From the Global Canadian: for those wondering where our PGE Station is:
A rare railway structure dating back to 1913 lies forgotten and abandoned as a new glitzy city shapes up at the Foot of Lonsdale. The iconic reminder of BC’s railway history and pioneer spirit was temporarily moved to a city-owned vacant lot on Alder Street to make way for the new Polygon Gallery and other buildings at the Foot of Lonsdale in 2014.
This ‘designated municipal heritage building’ was supposed to be back to the Foot of Lonsdale in 2015. Three years later, this seminal structure lies neglected and forgotten by a council too focussed on developing and reshaping the city. A study by a city consultant even suggested the PGE building could be converted into an ice cream shop or coffee shop in efforts to keep it on the waterfront, but that never happened. Those who value history may have to wait another few years before the council decides what it will do with the PGE building.
Communications manager for the City of North Vancouver, Connie Rabold, said council decided in 2014 that the relocation of PGE Station be referred to the Waterfront Park Master Plan process, which is scheduled for 2020. The abandoned building is a painful sight for former journalist John Kendrick, whose accompanying picture documents the council’s broken promise on the building. “It seemed to have been conveniently forgotten and that is certainly no way to treat a key part of our community’s heritage,” Kendrick said.
“This iconic piece of North Van’s history has been getting treated like this for decades. For the longest time, it sat on the grass in Mahon Park behind Burdett stadium (where nobody much knew what it was), being used as an annex to the North Van Museum, until it was finally decided to move it back to the its original site at bottom Lonsdale. As we now know, that wasn’t to last very long. It’s now sitting in a lonely corner of the municipality overlooking the grain elevators, where nobody sees it.”
Railway historian and archivist at the West Coast Railway Heritage Park in Squamish said the railway operated from the Foot of Lonsdale to Horseshoe Bay from 1914 until 1929. He said the old station has been moved several times since 1929 and faces an uncertain future considering the frenzied pace of development happening in the City of North Vancouver.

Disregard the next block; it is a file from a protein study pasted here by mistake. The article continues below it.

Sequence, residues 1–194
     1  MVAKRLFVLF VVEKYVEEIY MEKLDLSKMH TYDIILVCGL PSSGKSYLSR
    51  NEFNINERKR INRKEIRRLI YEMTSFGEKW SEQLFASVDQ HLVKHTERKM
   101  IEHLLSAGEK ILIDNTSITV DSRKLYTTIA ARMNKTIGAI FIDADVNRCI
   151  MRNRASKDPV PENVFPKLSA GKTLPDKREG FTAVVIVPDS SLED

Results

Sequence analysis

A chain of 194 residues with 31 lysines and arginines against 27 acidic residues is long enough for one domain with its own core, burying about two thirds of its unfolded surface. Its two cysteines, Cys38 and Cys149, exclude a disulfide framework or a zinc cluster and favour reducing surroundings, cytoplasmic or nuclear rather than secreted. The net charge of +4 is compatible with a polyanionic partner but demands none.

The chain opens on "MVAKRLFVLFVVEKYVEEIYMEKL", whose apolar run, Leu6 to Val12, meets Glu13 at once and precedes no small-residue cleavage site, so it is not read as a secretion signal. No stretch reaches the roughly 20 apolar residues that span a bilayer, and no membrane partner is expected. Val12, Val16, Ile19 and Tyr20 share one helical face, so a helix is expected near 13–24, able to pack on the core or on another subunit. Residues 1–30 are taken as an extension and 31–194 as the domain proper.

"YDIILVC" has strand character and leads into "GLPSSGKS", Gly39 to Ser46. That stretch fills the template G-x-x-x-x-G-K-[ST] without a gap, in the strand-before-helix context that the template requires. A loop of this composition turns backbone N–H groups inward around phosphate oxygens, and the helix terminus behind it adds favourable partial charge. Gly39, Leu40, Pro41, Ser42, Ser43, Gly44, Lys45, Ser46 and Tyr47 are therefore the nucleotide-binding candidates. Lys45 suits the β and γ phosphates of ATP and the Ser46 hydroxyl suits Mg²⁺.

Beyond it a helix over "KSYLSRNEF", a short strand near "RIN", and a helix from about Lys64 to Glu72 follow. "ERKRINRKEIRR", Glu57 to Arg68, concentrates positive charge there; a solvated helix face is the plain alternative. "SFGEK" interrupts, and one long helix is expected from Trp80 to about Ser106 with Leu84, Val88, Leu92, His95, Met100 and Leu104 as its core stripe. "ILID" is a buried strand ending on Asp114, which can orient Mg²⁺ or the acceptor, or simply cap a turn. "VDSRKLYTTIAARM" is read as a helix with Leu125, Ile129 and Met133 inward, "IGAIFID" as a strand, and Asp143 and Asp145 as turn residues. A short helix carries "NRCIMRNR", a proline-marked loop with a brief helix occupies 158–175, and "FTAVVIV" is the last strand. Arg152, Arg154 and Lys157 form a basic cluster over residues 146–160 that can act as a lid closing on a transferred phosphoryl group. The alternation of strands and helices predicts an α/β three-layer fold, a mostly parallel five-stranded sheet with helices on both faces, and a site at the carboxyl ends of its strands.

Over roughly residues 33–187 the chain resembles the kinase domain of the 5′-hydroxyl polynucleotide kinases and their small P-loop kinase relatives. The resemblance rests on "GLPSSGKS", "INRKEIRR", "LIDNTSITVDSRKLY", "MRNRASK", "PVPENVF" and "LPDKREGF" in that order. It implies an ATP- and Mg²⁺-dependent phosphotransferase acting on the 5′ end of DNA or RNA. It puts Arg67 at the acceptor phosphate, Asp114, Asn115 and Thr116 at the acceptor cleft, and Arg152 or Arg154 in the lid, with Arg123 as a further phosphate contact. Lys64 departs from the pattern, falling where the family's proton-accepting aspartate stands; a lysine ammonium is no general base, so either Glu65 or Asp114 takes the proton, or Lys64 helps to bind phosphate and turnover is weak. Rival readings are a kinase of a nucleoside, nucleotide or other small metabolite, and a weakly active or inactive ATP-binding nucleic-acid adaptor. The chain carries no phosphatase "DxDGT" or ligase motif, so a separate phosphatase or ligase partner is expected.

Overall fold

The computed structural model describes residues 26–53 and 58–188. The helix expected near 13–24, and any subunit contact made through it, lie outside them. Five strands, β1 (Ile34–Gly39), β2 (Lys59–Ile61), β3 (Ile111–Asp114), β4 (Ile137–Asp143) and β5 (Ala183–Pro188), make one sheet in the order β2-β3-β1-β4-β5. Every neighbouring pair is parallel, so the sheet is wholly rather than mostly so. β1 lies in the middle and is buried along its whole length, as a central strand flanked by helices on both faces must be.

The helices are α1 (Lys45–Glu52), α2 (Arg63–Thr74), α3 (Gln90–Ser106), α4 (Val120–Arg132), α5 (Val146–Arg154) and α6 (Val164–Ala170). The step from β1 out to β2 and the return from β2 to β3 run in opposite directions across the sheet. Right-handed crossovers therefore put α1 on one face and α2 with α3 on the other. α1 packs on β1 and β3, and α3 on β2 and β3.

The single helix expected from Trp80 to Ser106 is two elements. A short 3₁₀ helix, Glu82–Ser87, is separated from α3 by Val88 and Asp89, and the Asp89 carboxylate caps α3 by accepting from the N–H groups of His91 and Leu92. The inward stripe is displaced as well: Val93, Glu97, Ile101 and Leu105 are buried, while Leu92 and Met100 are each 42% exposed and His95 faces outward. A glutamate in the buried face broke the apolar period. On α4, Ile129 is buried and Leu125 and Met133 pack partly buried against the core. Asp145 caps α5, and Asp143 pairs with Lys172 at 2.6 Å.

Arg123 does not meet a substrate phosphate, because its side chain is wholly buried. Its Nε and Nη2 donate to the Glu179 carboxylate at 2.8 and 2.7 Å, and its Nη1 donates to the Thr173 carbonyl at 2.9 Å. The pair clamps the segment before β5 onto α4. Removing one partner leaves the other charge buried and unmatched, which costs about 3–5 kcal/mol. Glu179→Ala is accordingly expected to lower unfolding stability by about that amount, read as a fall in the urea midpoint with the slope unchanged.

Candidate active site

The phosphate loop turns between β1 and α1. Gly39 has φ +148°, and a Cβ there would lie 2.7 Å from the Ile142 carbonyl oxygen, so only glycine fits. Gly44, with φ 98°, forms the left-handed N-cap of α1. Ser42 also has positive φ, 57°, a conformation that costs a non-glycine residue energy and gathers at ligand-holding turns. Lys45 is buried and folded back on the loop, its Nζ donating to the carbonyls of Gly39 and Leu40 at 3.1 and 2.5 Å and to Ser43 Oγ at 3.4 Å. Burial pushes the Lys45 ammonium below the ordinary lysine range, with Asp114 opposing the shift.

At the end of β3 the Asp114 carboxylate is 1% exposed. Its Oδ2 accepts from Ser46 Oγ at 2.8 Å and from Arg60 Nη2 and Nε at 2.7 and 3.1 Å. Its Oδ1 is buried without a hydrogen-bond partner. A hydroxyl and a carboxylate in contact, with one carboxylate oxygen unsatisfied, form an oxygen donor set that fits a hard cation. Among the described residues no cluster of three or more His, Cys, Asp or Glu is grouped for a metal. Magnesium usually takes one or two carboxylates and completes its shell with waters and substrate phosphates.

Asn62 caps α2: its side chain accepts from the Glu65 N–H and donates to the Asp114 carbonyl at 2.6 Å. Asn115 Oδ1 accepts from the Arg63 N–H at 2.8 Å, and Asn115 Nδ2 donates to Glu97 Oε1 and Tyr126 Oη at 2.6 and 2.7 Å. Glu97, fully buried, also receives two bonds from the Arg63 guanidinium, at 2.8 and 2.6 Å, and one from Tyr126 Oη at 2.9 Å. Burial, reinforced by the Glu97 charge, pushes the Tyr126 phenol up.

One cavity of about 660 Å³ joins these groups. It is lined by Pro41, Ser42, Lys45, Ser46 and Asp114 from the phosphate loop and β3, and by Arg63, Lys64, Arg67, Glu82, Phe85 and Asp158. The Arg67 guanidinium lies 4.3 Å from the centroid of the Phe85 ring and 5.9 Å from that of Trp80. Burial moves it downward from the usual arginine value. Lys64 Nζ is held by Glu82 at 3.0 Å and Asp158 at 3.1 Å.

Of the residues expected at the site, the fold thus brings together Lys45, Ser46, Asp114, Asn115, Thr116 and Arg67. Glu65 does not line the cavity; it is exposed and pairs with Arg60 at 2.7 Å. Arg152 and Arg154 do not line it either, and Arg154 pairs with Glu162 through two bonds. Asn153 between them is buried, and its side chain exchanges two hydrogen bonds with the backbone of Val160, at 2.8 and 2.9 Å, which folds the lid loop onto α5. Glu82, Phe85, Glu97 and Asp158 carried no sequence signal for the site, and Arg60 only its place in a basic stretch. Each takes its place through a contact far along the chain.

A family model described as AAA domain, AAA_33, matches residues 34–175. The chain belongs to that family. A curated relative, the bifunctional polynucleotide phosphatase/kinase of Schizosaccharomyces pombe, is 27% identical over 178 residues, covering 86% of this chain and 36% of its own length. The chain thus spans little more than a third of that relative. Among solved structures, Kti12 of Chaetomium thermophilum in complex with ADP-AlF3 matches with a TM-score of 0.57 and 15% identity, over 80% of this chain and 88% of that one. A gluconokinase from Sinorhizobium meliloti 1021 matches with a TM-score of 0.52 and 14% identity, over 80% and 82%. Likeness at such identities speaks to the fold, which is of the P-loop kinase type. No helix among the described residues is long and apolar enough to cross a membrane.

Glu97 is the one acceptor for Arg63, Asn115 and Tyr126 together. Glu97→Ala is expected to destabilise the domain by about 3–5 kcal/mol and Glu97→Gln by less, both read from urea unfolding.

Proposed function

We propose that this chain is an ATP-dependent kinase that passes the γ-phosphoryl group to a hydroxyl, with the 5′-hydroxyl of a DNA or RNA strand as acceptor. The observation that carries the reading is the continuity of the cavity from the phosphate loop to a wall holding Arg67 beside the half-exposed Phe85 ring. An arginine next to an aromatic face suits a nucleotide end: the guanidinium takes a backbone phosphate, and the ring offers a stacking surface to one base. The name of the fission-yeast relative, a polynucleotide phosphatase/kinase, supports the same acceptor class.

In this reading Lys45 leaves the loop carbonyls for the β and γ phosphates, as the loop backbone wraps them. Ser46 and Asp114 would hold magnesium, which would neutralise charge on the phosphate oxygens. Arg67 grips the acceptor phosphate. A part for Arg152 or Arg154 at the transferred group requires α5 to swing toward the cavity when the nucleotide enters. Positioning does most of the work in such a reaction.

“CNV is having trouble keeping up with the development happening at the moment and there are hundreds of old homes being torn down in the name of progress. History and one old station are way down on the list of priorities. Look at how the North Vancouver Museum has been pushed around from one place to other over the years. It looks like they might now have a permanent home but it won’t be ready until 2020,” he said.
According to the Canadian Register of Historic Places, a resource funded by the federal government, the building’s heritage value is associated with its location in Lower Lonsdale, the ‘earliest, most historic area of commercial buildings on the North Shore of Burrard Inlet.’
“The railway had an important role in the economic growth of North Vancouver, providing a link to the resources of the interior of the province as well as passenger services to Horseshoe Bay and West Vancouver. The streetcar, ferry to Vancouver and PGE railway all converged at the south foot of Lonsdale Avenue, the major transportation hub on the North Shore. The PGE station serves as a reminder to the area’s historic significance.”
For Kendrick and Mills and many others City of North Vancouver citizens who value history, the PGE station is now a reminder of something entirely different: of shameless neglect and political amnesia.
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